Samantha Bonsack

Non-riders are constantly approaching me to ask about my bike and oftentimes tell me how dangerous it is.

They will share stories of how their brother/uncle/friend/neighbor had “horrible motorcycle accidents,” feeling a need to include gory bodily injury details and usually wrapping it up with a stern warning for me to be careful. Considering the majority of motorcycle accidents are caused by a vehicle entering the motorcyclist’s lane of travel and crashing into them, I find this incredibly ironic. Instead of telling a rider how dangerous it is, it would be more helpful to become aware of what the dangers are in actuality. Watch for bikes, expect motorcycles in traffic, look for them to be behind large vehicles, and remember the slogan “Look Twice, Save a Life.” These efforts will do more to keep riders safe than well-intended, but unwelcome, lectures from strangers.

On May 14, House Bill 149 will grant Utah motorcycle riders the ability to legally lane-filter. A practice endorsed by the American Motorcyclist Association (AMA), lane-filtering and lane-splitting is common in the rest of the world. Contrary to the public’s impression from adrenaline-filled YouTube videos of sportbikes racing at high speeds between lanes of traffic on the highway, riding between lanes has been proven to have safety benefits when done properly.

Utah’s new conservative law only grants riders the ability to lane-filter, where motorcycles filter to the front of intersections while surrounding traffic is completely stopped. Lawmakers, some riders themselves who have experienced being rear-ended, cited in-depth research proving both safety benefits to riders and the reduced traffic congestion for fellow motorists.

The filtering law only pertains to roads with two lanes traveling in the same direction with speeds of 45 mph or less and riders cannot exceed 15 mph as they filter. Those who ride will surely encounter confused frustration by motorists unaware of the new law. Riders will have strong motivation to deescalate road rage instances as the right to lane-filter will be up for review in three years, and how well we can integrate this law into public acceptance will be key.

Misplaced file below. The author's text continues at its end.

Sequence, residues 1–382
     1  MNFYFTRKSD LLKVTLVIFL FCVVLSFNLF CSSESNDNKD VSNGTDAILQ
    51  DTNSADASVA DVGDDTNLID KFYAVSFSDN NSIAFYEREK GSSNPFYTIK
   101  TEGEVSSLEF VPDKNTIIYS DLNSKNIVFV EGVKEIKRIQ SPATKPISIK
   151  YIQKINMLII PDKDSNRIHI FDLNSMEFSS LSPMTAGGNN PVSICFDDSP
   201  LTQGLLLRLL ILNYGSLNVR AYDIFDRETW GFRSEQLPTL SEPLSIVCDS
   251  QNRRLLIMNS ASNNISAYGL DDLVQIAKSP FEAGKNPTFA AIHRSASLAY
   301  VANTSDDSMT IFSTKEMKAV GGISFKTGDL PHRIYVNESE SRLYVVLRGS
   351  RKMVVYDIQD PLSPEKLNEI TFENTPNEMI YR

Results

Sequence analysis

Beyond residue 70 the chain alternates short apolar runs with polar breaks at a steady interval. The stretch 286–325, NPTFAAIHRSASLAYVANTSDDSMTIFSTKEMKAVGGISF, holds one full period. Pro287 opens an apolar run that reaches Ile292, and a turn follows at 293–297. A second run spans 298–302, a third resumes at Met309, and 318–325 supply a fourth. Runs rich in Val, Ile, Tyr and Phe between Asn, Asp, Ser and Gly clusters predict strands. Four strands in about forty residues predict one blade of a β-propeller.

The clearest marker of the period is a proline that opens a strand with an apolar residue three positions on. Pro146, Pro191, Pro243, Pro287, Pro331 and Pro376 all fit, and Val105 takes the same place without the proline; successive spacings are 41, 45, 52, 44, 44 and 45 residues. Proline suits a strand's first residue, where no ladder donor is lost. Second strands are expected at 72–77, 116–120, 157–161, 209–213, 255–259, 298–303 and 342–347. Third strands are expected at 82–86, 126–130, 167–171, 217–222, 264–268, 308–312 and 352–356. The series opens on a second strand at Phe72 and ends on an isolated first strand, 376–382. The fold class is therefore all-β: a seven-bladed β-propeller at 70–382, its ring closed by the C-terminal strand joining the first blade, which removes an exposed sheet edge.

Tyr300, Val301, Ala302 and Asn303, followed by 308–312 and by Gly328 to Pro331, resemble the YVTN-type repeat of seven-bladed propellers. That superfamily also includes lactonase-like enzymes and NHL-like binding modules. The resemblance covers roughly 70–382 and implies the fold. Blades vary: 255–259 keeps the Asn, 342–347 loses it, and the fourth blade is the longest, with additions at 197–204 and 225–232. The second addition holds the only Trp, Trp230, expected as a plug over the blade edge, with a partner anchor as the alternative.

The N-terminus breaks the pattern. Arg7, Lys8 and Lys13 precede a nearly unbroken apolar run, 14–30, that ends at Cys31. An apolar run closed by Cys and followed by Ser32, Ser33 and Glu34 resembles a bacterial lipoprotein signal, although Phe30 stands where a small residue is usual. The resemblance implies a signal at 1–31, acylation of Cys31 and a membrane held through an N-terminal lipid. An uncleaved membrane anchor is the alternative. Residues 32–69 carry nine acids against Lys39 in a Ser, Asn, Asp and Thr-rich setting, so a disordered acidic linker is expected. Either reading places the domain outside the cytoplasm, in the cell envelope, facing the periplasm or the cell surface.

Riders are already on the defensive from the increase in cell phone use while driving. The Utah Department of Public Safety states that nearly half (54%) of distracted driving accidents were rear-end crashes, which leaves motorcycles as the most vulnerable. According to a study by Florida Atlantic University and the University of Miami, the states with moderate to strong cell-phone-use-while-driving bans have reduced motorcycle fatality rates by as much as 11%.

Yet the punishment for distracted driving in Utah remains a class C misdemeanor with a maximum fine of $100. This is infuriating to riders who believe distracted drivers are putting their lives are at risk.

Additional risks come from poorly planned intersections on Main Street in Moab while we play host to millions of tourists, creating serious congestion issues. Neglecting to install left turn lights may be annoying to car drivers, but it poses serious risks for riders.

As drivers impatiently dart through small openings in the endless sea of oncoming traffic, there is little to no time to see smaller motorcycles which may be hiding behind larger vehicles. Over half of all motorcycle accidents and a full 36% of all motorcycle fatalities occur when the vehicle is making a lefthand turn, increasing risk of injury and death for our riding community. Sadly, in most cases, a life must be lost before the dangers are recognized and alleviated.

The most comprehensive motorcycle accident and safety study was initiated by the Department of Transportation’s National Highway Traffic Safety Administration. It discovered the average motorcycle crash speed to be 21.5 mph, and only 1 in 1,000 crashes were at speeds near 85 mph, highlighting that riders are at the most risk by other vehicles in traffic at slow speeds.

Although technological advancements now offer incredible features on motorcycles, such as heated seats and cruise control, levitation and teleportation are not optional equipment. Motorcycles do not “come out of nowhere,” which is the most common sentiment stated after a car hits a motorcycle.

Please, start looking for motorcyclists on the road. The four most dangerous words for a motorcycle rider are: “I didn’t see them.”

Samantha Bonsack owns Nut-up Events, hosting 1,500-mile motorcycle rides based out of Moab. She is an Iron Butt rider,  member of the Patriot Guard Riders, Motor Maids, Ambassador for the Women Riders World Relay, and wishes to see a lefthand turn light on 100 South and Main Street.